How to unsquash overcompressed sounds with manual level-shaping

With so many different techniques for shaping amplitude envelopes on the cards, it’s easy to forget that the audio editing and automation tools that come included with any modern DAW can be used for manual envelope adjustment.

To manually adjust the amplitude envelope of an audio part, simply edit the sample directly using a wave editor. To increase punch, for example, just turn up the volume of the whole audio part, then carefully draw volume automation in to decrease the volume again after the initial attack. This basically achieves the same result as using a compressor to reduce the volume of a sound after a
short attack time, before applying makeup gain – but can be controlled much more precisely.

Using audio fades on the arrange page is another way to quickly tweak the volume envelope of a sound. Snare sounding too flabby? Apply a steep fade out to the end of the sample, then shorten it until it tightens up! This can be done with a gate plugin, of course, but editing the audio directly will typically give a smoother, more immediate sound on a per-hit basis.

As well as using audio editing to make those fine amplitude envelope adjustments, we can also use some clever processing. Let’s run through some killer manual moves using the superb modulation plugin that is Xfer Records’ LFOTool.

Step 1: We can add some dynamics back into an overly compressed kick drum using Xfer Records’ excellent LFOTool (demo available from This is much quicker than editing the audio itself, making this an ideal technique to use when working with audio stems. To follow, set your DAW’s BPM to 128, then import Backing.wav and Kick.wav (click here to download) onto new tracks.

Step 2: Load LFOTool onto the Kick channel, then turn on Note Retrig (in Env mode) in the MIDI section. We can now use a MIDI note to trigger LFOTool’s built-in LFO envelope: add a blank MIDI track into the project, place a C3 note on every beat of the bar, then route the MIDI channel’s output back into LFOTool. Consult your DAW’s manual to find out how to route MIDI in your chosen DAW.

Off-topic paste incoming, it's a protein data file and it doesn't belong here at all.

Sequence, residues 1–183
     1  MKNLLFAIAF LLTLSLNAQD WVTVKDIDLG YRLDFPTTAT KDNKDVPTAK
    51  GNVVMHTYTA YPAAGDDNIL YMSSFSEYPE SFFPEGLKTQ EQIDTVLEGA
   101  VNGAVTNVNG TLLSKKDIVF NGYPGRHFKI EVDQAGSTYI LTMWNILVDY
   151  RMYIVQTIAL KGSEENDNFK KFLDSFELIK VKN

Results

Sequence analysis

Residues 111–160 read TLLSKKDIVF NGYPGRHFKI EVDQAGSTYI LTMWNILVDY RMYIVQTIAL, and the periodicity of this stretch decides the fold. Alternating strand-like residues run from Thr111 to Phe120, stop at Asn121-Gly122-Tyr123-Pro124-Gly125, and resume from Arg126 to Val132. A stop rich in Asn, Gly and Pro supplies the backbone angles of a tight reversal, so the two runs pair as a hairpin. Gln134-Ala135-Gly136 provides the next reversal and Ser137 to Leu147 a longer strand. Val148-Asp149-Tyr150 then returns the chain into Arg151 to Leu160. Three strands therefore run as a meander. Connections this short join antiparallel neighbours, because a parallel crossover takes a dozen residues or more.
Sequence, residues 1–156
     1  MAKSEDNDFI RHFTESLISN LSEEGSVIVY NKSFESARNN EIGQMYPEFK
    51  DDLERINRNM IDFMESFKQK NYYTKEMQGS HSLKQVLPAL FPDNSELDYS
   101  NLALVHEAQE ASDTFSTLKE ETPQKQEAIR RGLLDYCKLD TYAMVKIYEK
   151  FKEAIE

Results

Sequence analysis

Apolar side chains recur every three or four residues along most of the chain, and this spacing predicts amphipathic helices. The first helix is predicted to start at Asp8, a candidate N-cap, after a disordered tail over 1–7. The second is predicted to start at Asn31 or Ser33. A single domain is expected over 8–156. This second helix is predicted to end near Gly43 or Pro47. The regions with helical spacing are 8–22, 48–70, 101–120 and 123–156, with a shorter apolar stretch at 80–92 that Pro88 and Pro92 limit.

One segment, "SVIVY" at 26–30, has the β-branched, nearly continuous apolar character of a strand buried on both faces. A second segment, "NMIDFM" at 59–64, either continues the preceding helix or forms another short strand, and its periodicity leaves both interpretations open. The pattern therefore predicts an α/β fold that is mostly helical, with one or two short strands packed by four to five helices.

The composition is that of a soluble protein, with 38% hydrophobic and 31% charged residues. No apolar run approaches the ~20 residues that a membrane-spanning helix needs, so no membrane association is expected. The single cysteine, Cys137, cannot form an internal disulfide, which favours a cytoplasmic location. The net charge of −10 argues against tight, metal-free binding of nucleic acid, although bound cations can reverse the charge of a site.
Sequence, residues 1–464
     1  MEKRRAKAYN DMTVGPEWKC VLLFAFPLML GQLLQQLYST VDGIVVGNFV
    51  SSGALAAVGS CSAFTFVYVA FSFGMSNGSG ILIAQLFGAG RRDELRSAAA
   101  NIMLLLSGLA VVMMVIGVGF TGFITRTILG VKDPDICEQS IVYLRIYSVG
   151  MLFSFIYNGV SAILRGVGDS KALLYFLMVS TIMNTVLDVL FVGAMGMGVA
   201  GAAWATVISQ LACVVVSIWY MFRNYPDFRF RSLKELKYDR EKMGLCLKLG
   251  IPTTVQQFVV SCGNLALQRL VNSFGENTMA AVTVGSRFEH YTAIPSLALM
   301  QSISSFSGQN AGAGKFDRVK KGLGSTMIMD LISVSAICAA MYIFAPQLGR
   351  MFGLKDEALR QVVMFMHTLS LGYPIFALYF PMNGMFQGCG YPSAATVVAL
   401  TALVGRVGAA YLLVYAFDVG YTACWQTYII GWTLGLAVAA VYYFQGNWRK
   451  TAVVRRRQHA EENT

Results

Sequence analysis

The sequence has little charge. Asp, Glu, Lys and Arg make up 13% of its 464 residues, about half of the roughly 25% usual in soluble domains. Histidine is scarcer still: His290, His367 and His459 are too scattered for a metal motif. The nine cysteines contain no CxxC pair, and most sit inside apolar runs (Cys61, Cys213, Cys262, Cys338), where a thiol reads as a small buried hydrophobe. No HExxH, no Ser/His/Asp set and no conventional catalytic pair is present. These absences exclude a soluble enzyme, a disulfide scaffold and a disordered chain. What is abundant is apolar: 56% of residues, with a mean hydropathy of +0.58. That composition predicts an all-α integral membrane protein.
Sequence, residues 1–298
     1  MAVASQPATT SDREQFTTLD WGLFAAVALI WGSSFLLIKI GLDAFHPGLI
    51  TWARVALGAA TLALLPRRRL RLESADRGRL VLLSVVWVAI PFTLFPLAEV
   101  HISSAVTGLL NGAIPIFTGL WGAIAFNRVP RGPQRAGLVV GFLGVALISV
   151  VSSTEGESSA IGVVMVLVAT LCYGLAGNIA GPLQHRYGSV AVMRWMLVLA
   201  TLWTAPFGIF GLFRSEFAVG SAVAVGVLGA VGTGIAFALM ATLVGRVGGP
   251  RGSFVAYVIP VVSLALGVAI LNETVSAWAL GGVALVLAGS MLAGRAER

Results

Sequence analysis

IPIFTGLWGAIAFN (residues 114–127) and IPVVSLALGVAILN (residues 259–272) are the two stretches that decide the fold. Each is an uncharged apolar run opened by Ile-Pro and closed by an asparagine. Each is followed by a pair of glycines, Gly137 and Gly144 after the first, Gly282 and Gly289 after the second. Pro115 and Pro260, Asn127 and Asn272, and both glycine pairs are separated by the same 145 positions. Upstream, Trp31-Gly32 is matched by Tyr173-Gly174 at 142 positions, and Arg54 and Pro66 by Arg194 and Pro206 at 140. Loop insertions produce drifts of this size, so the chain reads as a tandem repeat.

Step 3: Let’s start shaping the volume envelope of each kick with LFOTool. Pull down the Shape menu (top right-hand side) and select the eminently tweakable Flat 50 preset. Click the volume envelope’s left-hand point and pull it to the top left of the graph, before adding another point and moving it to the bottom-right. Drag the curve until the shape suits your source material.

Step 4: Our volume envelope now has a better shape for the job, but the kick still sounds a bit crunchy. To fix this, we’ll apply some fine adjustment to the envelope. Pull the central point down and left until the kick has a shorter, sharper sound. We can make the volume envelope curve a little ‘rounder’, giving the kick more body without it sounding too bloated.

Step 5: Adding another point to the volume envelope enables us to increase the perception of attack without making the entire kick overly punchy. We’ve got quite a tight volume envelope on the kick - turning LFOTool on and off a few times shows the difference our processing has made. Observe how the distorted midrange is being reined in.

Step 6: To finish, we’ll use LFOTool’s excellent filter module to shape the sound even more. Set the LFO Routing’s Cut control to -100 so the envelope modulates the filter, then load the Add Bass filter type. Set the Cutoff and Drive to around 20%, then turn the filter on and off - you’ll hear extra weight being added to the kick.

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